GRENFELL TRAGEDY: Hundreds of bodies remain unfound and full extent of tower inferno could take weeks to uncover

A blazing inferno which engulfed and destroyed the Grenfell Tower block in London has already claimed the lives of 30 with more expected with hundreds of bodies yet to be found and multiple others in 6 hospitals across London with 18 believed to be in a critical condition.

Grief has turned into anger at the devastating blaze in the early hours of Wednesday 14th June at the council-owned tower block located on Latimer Road near Westfields Shopping Centre in West London.  

Structural engineers have been working to make the building safe for firefighters to search – an operation which is expected to take weeks, according to MET commander Stuart Cundy.

Sniffer dogs are being used to search the accessible burnt tower block to find bodies, with no further survivors expected.

Although it is not yet clear what has caused the initial fire which engulfed the tower, it has emerged that the uncontrollable and rapid spread of fire is directly associated with the external cladding. The same classing was behind a similar fire in Melbourne in 2014 in which an eight-floor fire raced up 13 floors to the roof of the 21 storey building in 11-minutes.

The 24-floor tower block housed 400-600 residents and was originally built in 1974 and was recently refurbished in 2016. But residents were known to have made regular complaints, one being that the fire alarms didn’t work.

It is also believed the block, which recently had £10million spent on its refurbishment wasn’t fitted with a sprinkler system. The fire is reported to have started on the fourth floor.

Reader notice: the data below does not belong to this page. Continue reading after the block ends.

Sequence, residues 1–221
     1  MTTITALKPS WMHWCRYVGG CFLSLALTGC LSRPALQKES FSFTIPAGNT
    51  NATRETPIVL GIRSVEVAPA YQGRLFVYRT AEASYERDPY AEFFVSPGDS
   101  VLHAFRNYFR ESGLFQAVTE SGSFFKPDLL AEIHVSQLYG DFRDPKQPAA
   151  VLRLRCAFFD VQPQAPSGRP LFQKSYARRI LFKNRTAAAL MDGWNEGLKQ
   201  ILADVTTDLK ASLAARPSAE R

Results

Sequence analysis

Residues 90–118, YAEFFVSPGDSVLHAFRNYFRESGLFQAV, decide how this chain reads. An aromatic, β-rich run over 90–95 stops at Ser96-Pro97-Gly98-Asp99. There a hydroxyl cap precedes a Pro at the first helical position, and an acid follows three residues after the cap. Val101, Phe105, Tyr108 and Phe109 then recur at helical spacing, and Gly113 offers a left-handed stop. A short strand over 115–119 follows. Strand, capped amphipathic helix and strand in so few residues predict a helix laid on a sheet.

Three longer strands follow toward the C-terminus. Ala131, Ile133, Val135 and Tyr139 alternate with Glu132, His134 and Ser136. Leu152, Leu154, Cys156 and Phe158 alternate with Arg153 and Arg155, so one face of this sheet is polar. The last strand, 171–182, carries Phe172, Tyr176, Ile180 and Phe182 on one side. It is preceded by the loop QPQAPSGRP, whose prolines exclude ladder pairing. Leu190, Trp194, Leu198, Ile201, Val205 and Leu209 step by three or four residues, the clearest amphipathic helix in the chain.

Kensington and Chelsea council admitted it had received complaints over the works with resident’s action groups claiming its warnings about health and safety had fallen on death ears. Residents raised safety concerns four years ago but were ignored.

It is believed that virtually all the residents in the top three floors perished in the devastating fire, which burned at over 1000 degrees (1,800F).

Horrified witnesses have described the scenes, which include a desperate mother frantically throwing her baby from a window in an effort to save their life.

In response, the communities have come together as one and the local churches and community groups have opened their doors to those affected and appealed for people to donate clothes, towels, toiletries and more.

Charities have even donated food and water, the response to this has been so great by the community that some of the centres taking donations can no longer accept them as they have no room to hold the donated goods.

Members of the public from all communities and celebrities have shown their solidarity in an effort to help those who’ve lost everything. Free food and offering places to stay being just two of many charitable goodwill gestures being made. Again another example of the community sticking together at a time of need in England.



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